St. Clair Area Chamber of Commerce Executive Director Angela Crawford and Mayor Ron Blum assured Enhanced Enterprise Zone Advisory Board members that residential property values will not decline if the state creates the zone that surrounds the city and extends east and west along the Interstate 44 corridor.

Crawford is helping the city establish the EEZ through a contract agreement between St. Clair officials and the Chamber of Commerce. She, Blum and City Administrator Rick Childers led EEZ board members through their first meeting last Thursday.

In order for the EEZ to be created, the area it contains must be declared blighted, or economically depressed.

“Property values already are low,” Crawford said. “That’s one of the reasons to seek the designation in the first place. The idea is to bring economic development into the area to help increase values.”

Blum agreed.

“The county assessor isn’t going to come in and lower property values further just because we’ve designated the area blighted and created the EEZ,” he said. “The blighted declaration is made solely for the purpose of the EEZ.”

If approved, St. Clair’s EEZ will encompass the city and Parkway Village and extend on both sides of I-44 from about Gray Summit to Stanton. There are 17 taxing entities and five school districts within the zone.

At least two of those taxing entities — the Boles and Pacific fire protection districts — are against the EEZ being established, Crawford said.

Once it is designated, companies may locate or expand in the area, and if certain criteria are met they receive tax credits.

The board is recommending a maximum 80 percent abatement over 20 years. The minimum is 50 percent over 10 years.

Retail businesses do not qualify.

The St. Clair Board of Aldermen still must approve the creation of the EEZ. The vote is scheduled for Monday, May 20, after the city conducts a public hearing at 6 p.m. on Thursday, May 9, in city hall.

During the public hearing, individuals either opposed to or in favor of the zone may address the board and the aldermen.

The Village of Parkway trustees already have approved creating the EEZ. Chairman Bob Pelton is a member of the EEZ advisory board.

Franklin County also has to declare the EEZ a blighted area. Commissioners plan to do so after the city votes.

Final say will come from the state.

Advisory Board

On April 25, Crawford led the advisory board through a discussion about the EEZ.

“The city seriously started talking about this about three years ago,” she said. “Originally, it included Sullivan and Pacific. Over time, Pacific decided to opt out. Sullivan pursued EEZ designation on its own and was recently granted it.”

Sullivan’s EEZ features a 90 percent maximum tax abatement over 20 years. Some of its other criteria also is different than St. Clair’s.

In most categories, Sullivan’s EEZ is more aggressive than St. Clair’s.

However, Blum said he was adamant about keeping the maximum abatement at 80 percent.

“This is just one piece of our puzzle,” he said. “This is just one tool we would have to get us growing and moving forward as we help our community.”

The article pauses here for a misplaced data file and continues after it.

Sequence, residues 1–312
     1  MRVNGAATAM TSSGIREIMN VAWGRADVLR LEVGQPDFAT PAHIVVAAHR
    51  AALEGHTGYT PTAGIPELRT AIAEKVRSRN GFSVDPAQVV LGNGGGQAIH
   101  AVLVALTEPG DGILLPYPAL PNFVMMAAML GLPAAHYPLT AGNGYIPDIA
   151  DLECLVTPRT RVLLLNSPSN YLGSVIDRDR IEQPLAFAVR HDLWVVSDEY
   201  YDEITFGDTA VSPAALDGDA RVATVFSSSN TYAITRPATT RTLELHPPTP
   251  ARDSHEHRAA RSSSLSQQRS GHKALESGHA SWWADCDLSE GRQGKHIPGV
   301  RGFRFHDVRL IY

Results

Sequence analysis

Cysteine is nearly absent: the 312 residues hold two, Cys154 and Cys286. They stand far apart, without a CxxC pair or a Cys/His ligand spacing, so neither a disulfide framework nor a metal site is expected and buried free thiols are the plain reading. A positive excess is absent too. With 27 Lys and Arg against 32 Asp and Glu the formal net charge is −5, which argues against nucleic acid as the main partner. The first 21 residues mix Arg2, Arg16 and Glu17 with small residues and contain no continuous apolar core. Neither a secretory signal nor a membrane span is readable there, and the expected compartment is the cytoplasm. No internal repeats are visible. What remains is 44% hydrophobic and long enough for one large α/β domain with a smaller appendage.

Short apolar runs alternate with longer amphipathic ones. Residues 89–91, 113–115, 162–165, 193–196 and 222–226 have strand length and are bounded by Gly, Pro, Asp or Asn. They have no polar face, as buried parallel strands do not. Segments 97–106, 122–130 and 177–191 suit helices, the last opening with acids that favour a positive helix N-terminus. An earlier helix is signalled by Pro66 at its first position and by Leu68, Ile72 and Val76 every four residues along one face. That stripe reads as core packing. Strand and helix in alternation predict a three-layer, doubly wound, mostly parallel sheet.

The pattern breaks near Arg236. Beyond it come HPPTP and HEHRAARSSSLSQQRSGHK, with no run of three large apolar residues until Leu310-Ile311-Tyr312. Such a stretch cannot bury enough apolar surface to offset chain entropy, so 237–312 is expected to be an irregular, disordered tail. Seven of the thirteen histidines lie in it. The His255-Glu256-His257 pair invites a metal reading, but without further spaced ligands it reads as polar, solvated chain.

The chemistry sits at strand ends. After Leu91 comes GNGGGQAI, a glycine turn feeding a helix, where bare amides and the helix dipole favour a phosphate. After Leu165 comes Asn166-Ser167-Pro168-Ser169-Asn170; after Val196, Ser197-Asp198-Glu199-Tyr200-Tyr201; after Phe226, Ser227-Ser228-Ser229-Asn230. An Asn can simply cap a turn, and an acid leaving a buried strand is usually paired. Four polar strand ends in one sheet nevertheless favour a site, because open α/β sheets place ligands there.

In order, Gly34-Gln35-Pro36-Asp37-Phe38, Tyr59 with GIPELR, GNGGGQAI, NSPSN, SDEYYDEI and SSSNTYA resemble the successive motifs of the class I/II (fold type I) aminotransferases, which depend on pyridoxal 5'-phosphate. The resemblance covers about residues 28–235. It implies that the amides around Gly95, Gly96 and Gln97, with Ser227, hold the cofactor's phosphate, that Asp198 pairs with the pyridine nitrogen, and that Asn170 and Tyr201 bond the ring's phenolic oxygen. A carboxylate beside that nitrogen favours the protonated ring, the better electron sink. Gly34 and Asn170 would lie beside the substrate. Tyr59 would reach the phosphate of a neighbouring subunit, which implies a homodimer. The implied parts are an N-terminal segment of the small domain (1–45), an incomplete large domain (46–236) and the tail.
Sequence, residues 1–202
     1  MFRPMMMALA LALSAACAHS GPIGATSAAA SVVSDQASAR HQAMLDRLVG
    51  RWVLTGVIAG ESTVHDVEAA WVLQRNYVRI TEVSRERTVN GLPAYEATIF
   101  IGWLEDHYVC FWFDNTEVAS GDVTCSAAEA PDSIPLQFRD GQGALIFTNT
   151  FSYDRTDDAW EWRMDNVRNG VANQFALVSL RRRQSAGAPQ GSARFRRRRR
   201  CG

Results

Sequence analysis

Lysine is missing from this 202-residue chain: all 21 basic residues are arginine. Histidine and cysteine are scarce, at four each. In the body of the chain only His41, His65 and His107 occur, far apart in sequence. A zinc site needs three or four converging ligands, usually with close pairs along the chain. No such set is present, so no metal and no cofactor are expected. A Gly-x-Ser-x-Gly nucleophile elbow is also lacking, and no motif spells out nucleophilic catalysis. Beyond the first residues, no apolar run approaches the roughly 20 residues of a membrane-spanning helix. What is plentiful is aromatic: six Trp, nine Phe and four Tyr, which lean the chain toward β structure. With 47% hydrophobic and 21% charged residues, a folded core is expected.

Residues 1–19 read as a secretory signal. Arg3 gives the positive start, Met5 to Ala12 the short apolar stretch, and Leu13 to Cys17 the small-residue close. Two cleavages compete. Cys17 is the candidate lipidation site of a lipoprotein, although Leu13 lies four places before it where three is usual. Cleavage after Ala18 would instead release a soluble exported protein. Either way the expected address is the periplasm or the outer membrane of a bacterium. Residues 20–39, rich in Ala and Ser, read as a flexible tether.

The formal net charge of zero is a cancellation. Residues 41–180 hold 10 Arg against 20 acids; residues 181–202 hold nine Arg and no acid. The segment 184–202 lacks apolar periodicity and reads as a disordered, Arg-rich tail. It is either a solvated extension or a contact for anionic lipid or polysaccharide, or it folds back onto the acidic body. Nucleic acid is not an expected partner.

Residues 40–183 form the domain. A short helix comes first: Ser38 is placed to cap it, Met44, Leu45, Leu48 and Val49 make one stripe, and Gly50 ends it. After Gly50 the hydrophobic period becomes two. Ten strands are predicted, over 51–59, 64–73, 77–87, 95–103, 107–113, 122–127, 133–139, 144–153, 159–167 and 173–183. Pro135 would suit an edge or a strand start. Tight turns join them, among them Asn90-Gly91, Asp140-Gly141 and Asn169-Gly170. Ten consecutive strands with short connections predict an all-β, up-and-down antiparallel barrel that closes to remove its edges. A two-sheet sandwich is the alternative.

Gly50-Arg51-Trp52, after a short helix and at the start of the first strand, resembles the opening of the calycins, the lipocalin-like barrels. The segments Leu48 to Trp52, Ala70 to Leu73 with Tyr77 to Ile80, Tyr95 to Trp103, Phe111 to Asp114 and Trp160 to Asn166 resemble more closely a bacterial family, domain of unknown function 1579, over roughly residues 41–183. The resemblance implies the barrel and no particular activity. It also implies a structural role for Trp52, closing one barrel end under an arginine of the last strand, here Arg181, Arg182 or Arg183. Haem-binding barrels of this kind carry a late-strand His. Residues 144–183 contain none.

During its meeting, the advisory board passed four resolutions that will be forwarded to the board of aldermen. The resolutions approved the board’s strategic plan, listed qualifying industries that can be a part of the EEZ, detailed the abatement levels and criteria and established the public hearing.

The seven-member board also elected St. Clair R-XIII Superintendent Mike Murphy as chairman and Charlie Butler of Farmers & Merchants Bank as vice chairman. Murphy represents the interests of the five school districts. Butler was appointed by Blum as a city representative.

Other board members are Bill Hollo, who represents the 17 taxing entities, and Pelton, Vince Morrocco, Tammy Garrett and Kathy Maupin, who also were appointed by Blum.

The board’s purpose is to manage the EEZ.


In 2011, the Franklin County Commission approved going forward with the EEZ application process with city governments having to determine the size of each zone from qualifying U.S. Census tracts as well as what kinds of businesses will be able to seek property tax abatements associated with the zone.

An Enhanced Enterprise Zone is an economic development program designed to assist communities that qualify. It is based on demographic criteria that includes Census data, unemployment and poverty statistics and the presence of blight.

In order to qualify, the unemployment rate in the targeted zone must be higher than county and state figures, and 60 percent of the median family incomes in the zone must be lower than 90 percent of the county and state average.

“The reason we’re getting this is because it is a depressed area,” Crawford said.

The zone works by supplying a tax abatement program for current businesses that want to expand or new businesses that want to locate here. The benefits apply only to those that qualify after the EEZ is established.

“The ultimate goal is creating jobs and business investment within the zone, which benefits the community,” Childers said. “You give new or existing businesses a tax break to build or expand locally, and the cost of this is zero dollars to the taxpayer.”

According to information from the state, the EEZ program is a discretionary business recruitment and expansion program offering state tax credits, accompanied by local real estate property tax abatement, to Enhanced Business Enterprises. Tax credits may be provided each year for five years after the project commences operations.

To receive tax credits for any of the set years, the facility must create and maintain the minimum of two new employees and $100,000 in new investment for a new or expanded facility or two new employees and a $1 million investment for a replacement business facility.